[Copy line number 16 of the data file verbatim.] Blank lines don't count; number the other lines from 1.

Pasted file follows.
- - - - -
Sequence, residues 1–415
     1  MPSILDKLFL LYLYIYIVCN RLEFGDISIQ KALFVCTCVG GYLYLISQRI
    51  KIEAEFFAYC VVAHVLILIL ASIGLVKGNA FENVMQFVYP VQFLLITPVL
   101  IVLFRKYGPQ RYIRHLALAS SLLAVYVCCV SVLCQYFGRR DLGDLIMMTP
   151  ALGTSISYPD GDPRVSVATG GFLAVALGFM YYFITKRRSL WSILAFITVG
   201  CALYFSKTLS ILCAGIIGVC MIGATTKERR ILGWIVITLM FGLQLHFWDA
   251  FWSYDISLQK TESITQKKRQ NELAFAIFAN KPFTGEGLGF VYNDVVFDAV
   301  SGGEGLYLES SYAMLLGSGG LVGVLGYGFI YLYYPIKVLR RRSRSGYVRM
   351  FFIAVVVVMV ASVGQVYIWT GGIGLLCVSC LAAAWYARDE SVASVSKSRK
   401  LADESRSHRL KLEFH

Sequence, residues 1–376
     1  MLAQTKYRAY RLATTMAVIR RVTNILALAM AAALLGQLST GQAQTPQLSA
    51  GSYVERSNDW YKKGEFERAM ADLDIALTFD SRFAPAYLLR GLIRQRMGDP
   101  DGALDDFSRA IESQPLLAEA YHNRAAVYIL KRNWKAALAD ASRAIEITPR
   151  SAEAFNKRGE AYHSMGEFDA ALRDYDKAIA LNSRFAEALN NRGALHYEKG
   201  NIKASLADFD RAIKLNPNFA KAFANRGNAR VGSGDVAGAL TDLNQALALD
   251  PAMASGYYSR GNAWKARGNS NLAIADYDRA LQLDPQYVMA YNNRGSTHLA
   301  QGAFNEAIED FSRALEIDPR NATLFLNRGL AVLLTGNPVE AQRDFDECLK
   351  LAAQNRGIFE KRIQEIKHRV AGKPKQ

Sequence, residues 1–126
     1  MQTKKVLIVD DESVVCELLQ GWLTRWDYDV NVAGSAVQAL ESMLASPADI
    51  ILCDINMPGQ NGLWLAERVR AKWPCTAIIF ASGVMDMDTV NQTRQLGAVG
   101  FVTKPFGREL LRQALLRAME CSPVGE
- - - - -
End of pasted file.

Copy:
   201  NIKASLADFD RAIKLNPNFA KAFANRGNAR VGSGDVAGAL TDLNQALALD